Divided Landscape (Ansel Adams)

Dimensions 102 cm x 148 cm x 24 cm
Materials Cast glass, carved glass, bronze, wood, laser-cut steel
Collection Sam Karpman, Ft Lauderdale, FL

Ansel Adams was born in 1902. He was withdrawn from school by his parents at the age of 12 and educated by tutors and private teachers dividing time between standard academics and intensive musical education. His early dream was to be a concert pianist and he alternated between this passion and photography which began with a gift of a Brownie box camera before a trip to Yosemite when he was 14. His intense interest in photography began after seeing the negatives of the East Coast photographer, Paul Strand. From an early age he was profoundly influenced by the late 19th century English philosopher, Edward Carpenter author of “Towards Democracy” who’s poetic text from the section “To become a Creator” I have chosen to use in this sculpture portrait.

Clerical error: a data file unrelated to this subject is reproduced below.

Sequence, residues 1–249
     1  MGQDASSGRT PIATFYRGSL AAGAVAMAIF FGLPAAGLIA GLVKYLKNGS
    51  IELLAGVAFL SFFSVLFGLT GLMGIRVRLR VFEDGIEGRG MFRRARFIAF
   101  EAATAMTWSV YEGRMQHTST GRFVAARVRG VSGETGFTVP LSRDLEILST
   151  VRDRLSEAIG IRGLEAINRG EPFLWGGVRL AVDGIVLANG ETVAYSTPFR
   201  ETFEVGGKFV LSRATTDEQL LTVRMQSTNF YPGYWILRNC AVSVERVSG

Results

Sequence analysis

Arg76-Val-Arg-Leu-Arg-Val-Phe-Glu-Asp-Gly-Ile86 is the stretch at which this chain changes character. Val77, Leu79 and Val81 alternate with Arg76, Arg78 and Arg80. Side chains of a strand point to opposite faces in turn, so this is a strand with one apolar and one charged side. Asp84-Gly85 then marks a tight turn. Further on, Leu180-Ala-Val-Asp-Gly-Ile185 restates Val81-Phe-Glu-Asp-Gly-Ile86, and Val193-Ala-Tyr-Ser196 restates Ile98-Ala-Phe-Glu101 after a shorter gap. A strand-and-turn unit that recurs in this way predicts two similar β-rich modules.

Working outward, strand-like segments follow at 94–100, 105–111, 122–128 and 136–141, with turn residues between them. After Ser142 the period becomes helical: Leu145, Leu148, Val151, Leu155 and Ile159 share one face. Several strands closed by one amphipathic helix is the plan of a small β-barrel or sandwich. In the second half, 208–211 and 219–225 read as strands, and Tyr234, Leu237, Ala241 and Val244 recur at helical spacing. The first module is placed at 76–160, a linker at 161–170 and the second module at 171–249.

A lifelong environmentalist he joined the Sierra Club at 17 years old and eventually served as a director for 37 years.

In the early 1930’s after he finally gave up the idea of a music career (although he always said that music created the discipline, patience, and perseverance needed in photography) he along with Imogen Cunningham and Edward Weston formed the group f/64 dedicated to unaltered prints or “straight photography” His black and white prints primarily of Yosemite and the Sierra Nevada are still some of America’s best known photo images.

The bronze landscape in this sculpture is based on the photograph “Autumn Moon, the High Sierra from Glacier Point” taken 15 September 1948.